For some time we believed we only had the one species of black ant in the garden, Lasius niger (Black Garden Ant), however in August 2022 we noted several garden ants attacking a much larger and much blacker ant (see below) and we realised we probably had two species.
The above scrap between the more numerous Garden and the lone Jet ant went on for some time, indeed we got bored after 10 minutes and left them to it. However going back over past videos we realised many of them contain Jet Black ants and not Garden ants as we believed at the time.
The video below shows Jet Black Ants attending aphids which provide a source of honeydew to the ants in return for their protection. However you will also notice that many of the aphids are dead. The sepia colour they turn is part of the reason they are called Mummy aphids.
Their deaths were the result of an ichneumon wasp laying her eggs within the live aphids, clearly the ants cannot always guard their charges against such an attack. The developing wasp larvae eats its way clear of the aphid which often swells and turns a light brown husky ‘Mummy’ colour.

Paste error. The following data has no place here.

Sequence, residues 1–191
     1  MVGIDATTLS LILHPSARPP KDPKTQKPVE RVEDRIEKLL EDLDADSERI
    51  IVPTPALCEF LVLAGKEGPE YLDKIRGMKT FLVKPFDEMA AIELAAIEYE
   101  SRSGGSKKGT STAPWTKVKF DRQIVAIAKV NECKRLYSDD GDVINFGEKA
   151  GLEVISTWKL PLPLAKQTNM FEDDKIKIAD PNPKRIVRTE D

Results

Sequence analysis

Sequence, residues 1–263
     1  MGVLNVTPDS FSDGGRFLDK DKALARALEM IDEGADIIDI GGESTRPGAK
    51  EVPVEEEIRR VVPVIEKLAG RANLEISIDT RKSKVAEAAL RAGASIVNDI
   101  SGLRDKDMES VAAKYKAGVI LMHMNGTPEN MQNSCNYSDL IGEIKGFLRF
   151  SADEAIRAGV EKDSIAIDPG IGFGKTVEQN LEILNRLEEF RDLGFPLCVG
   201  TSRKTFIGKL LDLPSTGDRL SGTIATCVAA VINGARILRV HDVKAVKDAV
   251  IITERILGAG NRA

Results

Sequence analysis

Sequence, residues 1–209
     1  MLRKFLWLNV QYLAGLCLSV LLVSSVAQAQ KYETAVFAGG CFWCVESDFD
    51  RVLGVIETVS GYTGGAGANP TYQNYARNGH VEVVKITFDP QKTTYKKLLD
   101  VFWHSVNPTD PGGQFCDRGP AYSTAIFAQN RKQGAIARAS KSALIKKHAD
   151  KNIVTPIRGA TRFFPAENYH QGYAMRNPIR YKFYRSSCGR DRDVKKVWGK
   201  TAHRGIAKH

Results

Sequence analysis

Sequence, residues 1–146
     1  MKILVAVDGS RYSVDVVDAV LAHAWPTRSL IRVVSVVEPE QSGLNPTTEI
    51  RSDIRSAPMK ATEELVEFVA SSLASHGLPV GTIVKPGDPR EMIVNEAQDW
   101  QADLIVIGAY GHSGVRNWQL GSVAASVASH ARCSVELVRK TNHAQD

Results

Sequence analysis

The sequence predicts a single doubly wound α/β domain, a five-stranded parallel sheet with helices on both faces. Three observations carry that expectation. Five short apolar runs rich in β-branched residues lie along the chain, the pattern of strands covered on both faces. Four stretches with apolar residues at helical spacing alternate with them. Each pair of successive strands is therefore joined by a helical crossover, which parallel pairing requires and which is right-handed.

So how do you tell a Jet Black Ant, from a Garden Ant when you don’t have one of each stood next to one another for a size/colour comparison. The easiest, although not fool proof way is to look at the back of the head. In Garden Ants the back of the head is relatively straight (left below), where as in the Jet Black Ant it is clearly concave (right below) or heart shaped.
Another incident with Jet Black Ants occurred on 10th September 2021 when we accidentally severely damaged, partially destroyed a large Jet Black Ant nest which had established within a compost bin we had been using to store a large pond liner off cut. Thankfully the nest wasn’t within the part of the off-cut we were looking for and we were able to put everything else back as close to how we found it as possible.
As can be seen from the photographs below, this was clearly a Jet Black Ant nest, the female worker shown below running with a larva, clearly has the distinct concave head shape. By the way the image on the left below shows the larva, not the preceding egg stage. It is the larval stage that sees the only growth phase the ant will undergo. Following from the larval stage will be a pupation stage, before the fully formed adult ant emerges.
The rather poor video below, again of Jet Black Ants, shows what we now believe to be trophallaxis, which is when on worker ant feeds another via regurgitation of sugary liquid. This can often arise due to the different roles workers undertake for the colony. Not all workers venture outside the nest to forage for food. Those that do, often store liquid food in a gizzard and feed their nest bound co-workers.